“Harkin did a lot of outreach, a lot of work to get senators on the bill,” said Anders. This was during the Democratic primary, and “there were quite a few Democrats running for president. One of them was a guy named Barack Obama, who actually did not, despite pushes, sign on to the bill. That should have been a signal to everyone about where an Obama administration would head.”

As a candidate, Obama railed against Guantanamo and famously signed an executive order to shutter it as one of his first actions in office. But as president, Obama allowed the practice of indefinite detention to linger. He aimed to close the detention facility at Guantanamo, but stopped well short of what critics on the left argued the Constitution demanded: trial or release. While Congress very quickly moved to hem him in, advocates say Obama had the unilateral ability to enact the provisions in the Harkin bill when he took office. Instead, Obama tried to move remaining detainees determined too dangerous to release but too difficult to try to the Thomson Correctional Center in Illinois in the United States. And even in that he failed, blocked by Congress.

Yet for all of the shortcomings of Obama’s method of unwinding Guantanamo, there were many actions to praise. Following a hunger strike in 2013, he ordered special envoys at State and Defense to increase their efforts to find countries willing to accept transferred detainees. He revived the long-stalled Periodic Review Boards, an administrative, not legal, process that recategorized dozens of detainees as releasable.

And Obama did honestly inherit a mess, especially where Guantanamo was concerned. Republicans in Congress made transfer to the U.S., even for medical reasons, impossible. They imposed elevated requirements on the Secretary of Defense to sign off on transfers, which then-Secretary Chuck Hagel balked at, ultimately resulting in his resignation. By that point, most of the Democratic actions in Congress were to protect existing transfer authorities from Republican attacks. 

Under a Trump administration, it’s virtually impossible to see the population of the prison sinking considerably. Already, five men who were cleared for transfer prior to his inauguration have been stranded there for more than a year. The special envoys offices have been gutted, and the administration recently missed a deadline to transfer a detainee to Saudi Arabia as part of a plea deal.  For Al Hajj and “the men who joined this petition, they see this action as their last hope,” said Kebriaei.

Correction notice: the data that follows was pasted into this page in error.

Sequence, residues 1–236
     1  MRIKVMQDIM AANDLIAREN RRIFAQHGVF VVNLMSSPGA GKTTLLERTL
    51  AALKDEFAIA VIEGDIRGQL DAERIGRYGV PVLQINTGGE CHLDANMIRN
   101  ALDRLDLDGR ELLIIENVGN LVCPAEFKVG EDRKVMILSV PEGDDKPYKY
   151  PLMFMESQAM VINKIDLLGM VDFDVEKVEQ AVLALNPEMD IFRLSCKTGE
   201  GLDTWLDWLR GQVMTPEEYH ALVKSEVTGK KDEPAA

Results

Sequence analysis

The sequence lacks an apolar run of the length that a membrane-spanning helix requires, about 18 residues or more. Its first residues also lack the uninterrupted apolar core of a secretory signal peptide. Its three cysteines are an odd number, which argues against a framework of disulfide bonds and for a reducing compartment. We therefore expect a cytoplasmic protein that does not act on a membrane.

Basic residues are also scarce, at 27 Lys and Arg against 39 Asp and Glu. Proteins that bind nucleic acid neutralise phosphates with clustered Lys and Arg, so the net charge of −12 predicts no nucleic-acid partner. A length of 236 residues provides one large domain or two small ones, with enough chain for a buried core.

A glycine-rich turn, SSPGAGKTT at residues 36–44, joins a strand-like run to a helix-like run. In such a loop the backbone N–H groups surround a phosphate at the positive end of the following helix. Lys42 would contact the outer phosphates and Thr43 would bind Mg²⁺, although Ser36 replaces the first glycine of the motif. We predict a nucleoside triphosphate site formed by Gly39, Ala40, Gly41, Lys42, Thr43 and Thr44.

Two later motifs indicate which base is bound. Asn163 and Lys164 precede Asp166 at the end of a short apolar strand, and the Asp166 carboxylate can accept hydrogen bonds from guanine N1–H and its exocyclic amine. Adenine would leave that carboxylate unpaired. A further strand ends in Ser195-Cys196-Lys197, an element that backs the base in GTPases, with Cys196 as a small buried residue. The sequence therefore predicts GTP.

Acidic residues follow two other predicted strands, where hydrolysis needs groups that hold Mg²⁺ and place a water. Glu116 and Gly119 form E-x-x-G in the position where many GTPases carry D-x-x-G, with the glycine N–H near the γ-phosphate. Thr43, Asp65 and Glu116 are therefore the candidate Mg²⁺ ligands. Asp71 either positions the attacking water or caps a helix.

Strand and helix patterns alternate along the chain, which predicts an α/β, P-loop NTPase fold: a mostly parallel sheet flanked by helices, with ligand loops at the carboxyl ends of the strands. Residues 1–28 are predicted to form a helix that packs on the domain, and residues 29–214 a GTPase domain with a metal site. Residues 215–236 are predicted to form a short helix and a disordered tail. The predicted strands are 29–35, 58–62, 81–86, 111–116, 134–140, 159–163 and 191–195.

This case still has a long way to go before it reaches the Supreme Court, if it makes it that far. The plaintiffs have an uphill battle, as law professor Steve Vladeck noted recently. But as Vladeck told me, that doesn’t mean it’s dead in the water. He cited a major Supreme Court case, 2004’s Hamdi v Rumsfeld, which authorized limited military detention. “As the plurality recognized in Hamdi, detention until the cessation of hostilities is not supposed to be perpetual detention—and that, as Justice [Sandra Day] O’Connor put it, if the facts on the ground change enough over time, the understanding of international law on which the government’s claimed authority depends ‘might unravel.’”

As government officials have said for years, the post-9/11 wars could last for generations, which means that what Vladeck calls the “notoriously vague” principle “that detention is lawful until the ‘cessation of hostilities’” might not be the most effective way to limit such detention.

“At least as a policy matter, it seems to me that we’re better off adopting an approach to detention that depends upon periodic assessments of an individual detainee’s own dangerousness—and that’s where the Obama administration was heading by the end of its tenure,” Vladeck said. “But I’m not holding my breath that the Trump administration will follow suit.”